—Increase the amount of time after leaving service before elected city officials and senior appointed officials can appear before the city agencies in which they served from one year to two years.

“When you leave office, you’re forbidden to become a lobbyist for “x” number of years. In NY State’s legislature it’s two years, in the city it’s one year,” explained Yee. “This would expand it to two years for elected officials, deputy mayors, agency heads, anybody who is on a paid board of commission, and the highest ranking staffer of any board of commission.”

—Replace two of five members of the Conflicts of Interest Board (COIB) appointed by the mayor with a member appointed by the comptroller and a member appointed by the public advocate.

“It would require that quorum would be the majority and require that decisions be made by a majority vote,” Yee pointed out. “So not only would you have to have three people in the room, but all three of them would have to agree.

—Prohibit members of the COIB from involvement with city office campaigns, and restrict contributions from COIB members to campaigns to between $250 and $400 depending on the office.

“COIB members will be barred from participating in any level in a city election and their contributions will be capped at much lower levels,” said Yee.

—Add to the city charter a requirement that the Minority- and Women-Owned Business Enterprise (M/WBE) to report directly to the mayor and to require a mayoral office for the M/WBE.

Said Yee, “Nothing currently exists. This would write into the Charter that we now get a city-wide director of M/WBE.”

—Require City Council confirmation of the city’s corporation counsel appointed by the mayor.

The city’s corporation council is kind of like New York’s Attorney General. It is the chief attorney of the city,” explained Yee. “One of the big issues, because that person is uniquely beholden to the mayor, the City Council often feels it has to engage private attorneys for the work it does, and in the instances when the City Council sues the mayor, they have zero faith in this person.”


BALLOT QUESTION 4:  New York City Budget Charter Amendment: Revenue Stabilization Fund, Public Advocate and Borough President Budgets, and Reporting by Mayor
—Authorize a rainy day fund to go into effect with required state law changes.

“Both the city charter and the State Law prohibit use of saved revenue from one year being used to fill a budget shortfall in another year,” said Yee. “This would amend the charter. However, the rainy day fund would still be barred by state law under the financial emergency law that won’t expire till 2033.”

—Set minimum Public Advocate and Borough President budgets based on the 2020 fiscal year adjusted based on inflation or the total change in the city’s total budget.

“The Public Advocate and Borough President budgets are set by the mayor and City Council,” explained Yee. “The proposal would take the 2020 budget of each office as a baseline, and then it would adjust it each year by inflation or city budget, which ever is lower.” Current budgets for the office of Public Advocate office is $3.6 million and the offices of Borough Presidents total $25 million ($5.8 million Brooklyn, $5.65 million Bronx, $5.16 million for Queens, $4.7million for Manhattan, $4.3 million for Staten Island).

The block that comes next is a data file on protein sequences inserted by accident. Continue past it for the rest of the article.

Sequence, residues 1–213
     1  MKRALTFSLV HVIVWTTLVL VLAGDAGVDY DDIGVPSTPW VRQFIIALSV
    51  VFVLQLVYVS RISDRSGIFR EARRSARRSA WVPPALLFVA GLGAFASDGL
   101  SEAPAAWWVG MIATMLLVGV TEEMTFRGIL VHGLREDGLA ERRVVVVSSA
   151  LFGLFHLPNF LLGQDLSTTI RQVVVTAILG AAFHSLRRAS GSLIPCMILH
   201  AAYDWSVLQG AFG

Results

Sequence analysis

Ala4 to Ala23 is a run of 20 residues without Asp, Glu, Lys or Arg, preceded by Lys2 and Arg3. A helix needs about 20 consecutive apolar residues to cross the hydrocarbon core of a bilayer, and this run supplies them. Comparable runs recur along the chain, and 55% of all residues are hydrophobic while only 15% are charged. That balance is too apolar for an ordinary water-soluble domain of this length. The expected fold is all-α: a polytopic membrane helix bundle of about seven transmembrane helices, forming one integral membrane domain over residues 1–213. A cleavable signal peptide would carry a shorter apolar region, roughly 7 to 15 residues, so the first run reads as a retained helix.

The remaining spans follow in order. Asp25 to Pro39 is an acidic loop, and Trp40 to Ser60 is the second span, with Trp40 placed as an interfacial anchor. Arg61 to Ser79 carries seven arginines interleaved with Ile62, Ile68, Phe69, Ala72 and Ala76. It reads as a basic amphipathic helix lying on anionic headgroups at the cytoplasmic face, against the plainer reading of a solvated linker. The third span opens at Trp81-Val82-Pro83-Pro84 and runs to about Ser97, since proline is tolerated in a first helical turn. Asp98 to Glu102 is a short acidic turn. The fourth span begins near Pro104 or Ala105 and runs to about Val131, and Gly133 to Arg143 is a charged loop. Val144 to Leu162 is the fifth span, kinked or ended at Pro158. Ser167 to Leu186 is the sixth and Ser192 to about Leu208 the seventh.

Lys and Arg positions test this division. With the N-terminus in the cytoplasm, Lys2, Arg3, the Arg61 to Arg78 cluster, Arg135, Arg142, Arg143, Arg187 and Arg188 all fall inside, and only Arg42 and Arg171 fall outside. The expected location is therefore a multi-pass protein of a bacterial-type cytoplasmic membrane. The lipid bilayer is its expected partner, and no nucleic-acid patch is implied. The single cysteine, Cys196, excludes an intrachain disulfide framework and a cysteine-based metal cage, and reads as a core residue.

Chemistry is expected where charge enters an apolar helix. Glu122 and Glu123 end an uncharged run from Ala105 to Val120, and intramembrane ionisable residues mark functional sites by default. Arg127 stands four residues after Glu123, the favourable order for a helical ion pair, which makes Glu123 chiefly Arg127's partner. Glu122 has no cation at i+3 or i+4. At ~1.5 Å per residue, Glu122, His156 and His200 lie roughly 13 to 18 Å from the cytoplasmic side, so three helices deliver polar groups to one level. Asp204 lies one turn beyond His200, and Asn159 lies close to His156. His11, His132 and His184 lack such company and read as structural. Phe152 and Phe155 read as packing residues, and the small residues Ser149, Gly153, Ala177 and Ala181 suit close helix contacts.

—Move the deadline for the mayor’s revenue report (excluding property taxes) to the City Council from June 5 to April 26.

“When the mayor submits the budget plan in April they are not required to submit the estimates for next years revenue. Instead that’s due on June 5. The budget is due on July 1,” Yee said, explaining to the group that the City Council gets the budget not knowing whether it is fundable. If it is not fundable, they have to raise real estate taxes. Said Yee,

“This would force the mayor to issue those revenue

estimates with the budget in April.”

—Set a deadline of 30 days for the mayor to submit changes to the city’s financial plan requiring budget changes to the City Council.

“When the mayor issues a financial plan and there is a shortfall, they have to issue a budget modification request within 30 days of the issuance of the financial plan,” said Yee. He explained that the current system requires scrambling for money at the end each fiscal year.


BALLOT QUESTION 5:  New York City Land Use Charter Amendment: Uniform Land Use Review Procedure Requirements
—Require the Department of City Planning (DCP) to provide a summary of Uniform Land Use Review Procedure (ULURP) projects to the Borough President, Board and Community Board affected by the project 30 days prior to when the project application is certified for review by the public.

“Community Boards are comprised of volunteers and can’t devote the amount of time that a paid elected official can, and don’t have staff that the elected officials do,” said Yee, adding “There was a lot of requests for an extended time frame.” According to Yee, this proposal would add an additional 30 days, to give community boards and borough boards to review ULURP applications.

—Increase the amount of time allowed for review of the ULURP projects by the affected Community Boards from 60 days to either 75 days or 90 days, depending on timing.

“There’s a complaint that community board members and members of the community cannot show up during the summer months, because people go away. This would change the timeline for ULURP in only certain months. You would get 90 days for projects which were certified by DECP in June, and you would get 75 days for projects certified between July 1 and  July 15,” Yee  pointed out.

In summary Yee said, “I am particularly annoyed at the land use proposals, because even though I will vote for it, it doesn’t do anything about shifting power. A lot of people complain about the time frame of ULURP, but the real problem with ULURP is the fact that communities have zero power—and the Charter Revision Commission did nothing to address the disparity of power between communities and the mayor and developers. Community Boards still only have the capacity to make recommendations.